Acceptance of a situation or a person can seem like you are giving-up. It’s not. You know when you’re giving-up or quitting and when you are simply accepting what is and what is not. Acceptance can silence years of “fighting for” or “fighting about” things with the quiet power of choice. There are many things to fight for and to be an activist about. Not accepting the “status quo” is very powerful. However, it will only be when you truly accept things as they are that things will transform. In business, it can be looking at the bottom line without emotion — rationally. In an relationship, you see what is and is not working and you talk about it. Armed with acceptance, it makes the actions and choices you make actually choices.
I see for myself that I have wrestled with NOT choosing myself for my whole life. How I look. What I do. Who I am. It has only been in the last few years that I have accepted myself as myself that has given me an access to bring compassion and consistency to how I take care of myself and that I am hearing the love and acknowledgment that are all around me. Until recently, my attempts at creating acceptance in myself was met with “you’re crazy” or “no way”. That’s why my weight has been up and down so much. In 2009, I weighed 130 pounds more than I do now. Lack of acceptance is also why I have had such extreme career ups and downs. I have been battling with (read: suffering) acceptance for decades.
It takes real courage to accept.
Most people do not accept. They forget. They “move on”. They do not accept as a choice. To accept someone, you have to forgive them and in the end, yourself. This is why acceptance is so much about love. Forgiveness and love go together. People don’t accept because they cannot forgive. They cannot forget. They cannot let go of being “right” — — even with people who are now deceased in situations that ended decades ago. One of my favorite phrases about being right is: “you can be happy or you can be right”.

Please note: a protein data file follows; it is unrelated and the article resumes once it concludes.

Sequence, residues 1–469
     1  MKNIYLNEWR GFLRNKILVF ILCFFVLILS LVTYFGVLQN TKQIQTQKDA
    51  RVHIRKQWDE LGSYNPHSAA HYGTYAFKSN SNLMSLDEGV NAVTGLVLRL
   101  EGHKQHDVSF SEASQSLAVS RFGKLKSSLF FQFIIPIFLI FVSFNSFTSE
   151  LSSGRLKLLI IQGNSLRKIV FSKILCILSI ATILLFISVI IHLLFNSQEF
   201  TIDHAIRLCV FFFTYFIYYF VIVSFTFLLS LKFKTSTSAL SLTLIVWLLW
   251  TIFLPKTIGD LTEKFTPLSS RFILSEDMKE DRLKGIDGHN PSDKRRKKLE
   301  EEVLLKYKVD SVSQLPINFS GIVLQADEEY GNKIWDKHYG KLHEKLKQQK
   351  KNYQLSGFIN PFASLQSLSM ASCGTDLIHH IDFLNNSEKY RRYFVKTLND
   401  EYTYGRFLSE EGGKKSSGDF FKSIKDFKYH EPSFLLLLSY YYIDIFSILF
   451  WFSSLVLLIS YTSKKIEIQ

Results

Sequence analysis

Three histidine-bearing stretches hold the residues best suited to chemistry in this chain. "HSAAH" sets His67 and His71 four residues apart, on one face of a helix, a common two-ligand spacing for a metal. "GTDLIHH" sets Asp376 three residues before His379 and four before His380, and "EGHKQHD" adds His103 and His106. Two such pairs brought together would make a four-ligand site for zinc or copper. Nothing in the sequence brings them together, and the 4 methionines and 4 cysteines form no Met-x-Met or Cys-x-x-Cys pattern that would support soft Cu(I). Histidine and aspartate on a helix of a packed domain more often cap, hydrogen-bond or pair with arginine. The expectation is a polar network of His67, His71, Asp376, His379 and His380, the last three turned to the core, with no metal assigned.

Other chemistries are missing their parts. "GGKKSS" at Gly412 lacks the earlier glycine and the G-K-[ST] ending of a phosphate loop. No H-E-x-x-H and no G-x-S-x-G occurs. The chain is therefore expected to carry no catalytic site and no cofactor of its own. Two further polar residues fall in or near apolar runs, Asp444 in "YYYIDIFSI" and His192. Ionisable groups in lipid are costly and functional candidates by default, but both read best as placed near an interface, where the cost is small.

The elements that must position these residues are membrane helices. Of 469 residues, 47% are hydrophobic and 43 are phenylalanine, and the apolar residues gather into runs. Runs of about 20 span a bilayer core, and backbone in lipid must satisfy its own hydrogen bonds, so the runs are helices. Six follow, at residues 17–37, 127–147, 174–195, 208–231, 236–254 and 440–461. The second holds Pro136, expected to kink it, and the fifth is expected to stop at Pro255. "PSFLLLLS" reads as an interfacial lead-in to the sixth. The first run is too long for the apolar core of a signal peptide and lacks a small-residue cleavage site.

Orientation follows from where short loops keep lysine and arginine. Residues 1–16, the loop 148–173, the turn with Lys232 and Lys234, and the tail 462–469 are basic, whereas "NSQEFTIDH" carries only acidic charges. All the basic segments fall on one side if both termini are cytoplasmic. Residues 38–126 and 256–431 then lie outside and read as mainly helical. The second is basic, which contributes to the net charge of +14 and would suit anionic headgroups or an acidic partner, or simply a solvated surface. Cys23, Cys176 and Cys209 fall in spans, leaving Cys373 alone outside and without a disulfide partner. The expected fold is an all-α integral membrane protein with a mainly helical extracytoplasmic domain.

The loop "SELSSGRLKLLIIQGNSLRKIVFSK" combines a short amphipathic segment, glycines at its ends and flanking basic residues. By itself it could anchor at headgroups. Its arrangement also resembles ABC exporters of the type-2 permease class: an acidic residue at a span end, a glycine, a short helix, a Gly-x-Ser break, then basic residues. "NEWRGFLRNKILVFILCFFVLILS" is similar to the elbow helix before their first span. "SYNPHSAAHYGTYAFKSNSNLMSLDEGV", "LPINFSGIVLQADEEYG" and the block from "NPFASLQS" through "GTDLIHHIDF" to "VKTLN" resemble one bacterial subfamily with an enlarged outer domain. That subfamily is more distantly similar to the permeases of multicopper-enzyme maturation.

So, now what? Will I pretend that this article will have you making new choices to accept those around you? No. I think that being a son or daughter is impossibly hard. Being a father equally so.
Here’s what has taken me years to grasp:
I choose my father as he is now. I don’t like the way he is but I accept it because it is the way it is. Can I forgive myself for being a jerk to my father? Yes. Will I. Yes. Can this enable me to bring love and joy to him versus my suffering and concerns? Yes. I want my father to know how successful his life has been by creating our family and giving us the opportunity to express ourselves and pursue our lives.
What I want for my children is to go as far and wide as they can knowing that I love and support their choices. I may not LIKE everything they do. But I will always support their choices. Their lives are theirs. (Note to parents: I will not pretend for a second that letting go and empowering our children on this level is brutally hard and for some of us — impossible.)
Choice and acceptance are so powerful that they can heal the past and they can create a powerful new opening for the future. It all starts with love. Now, I just have to keep it present in my life — everyday. It helps if I love myself… first.
Michael Whalen is a dad, husband, brother, son, friend, author, teacher, speaker, music maker and recovering ontologist who is 51 years young. He is grateful for his life and the opportunities he has been afforded to make a difference with others. More information: www.michaelwhalen.com
Originally published at medium.com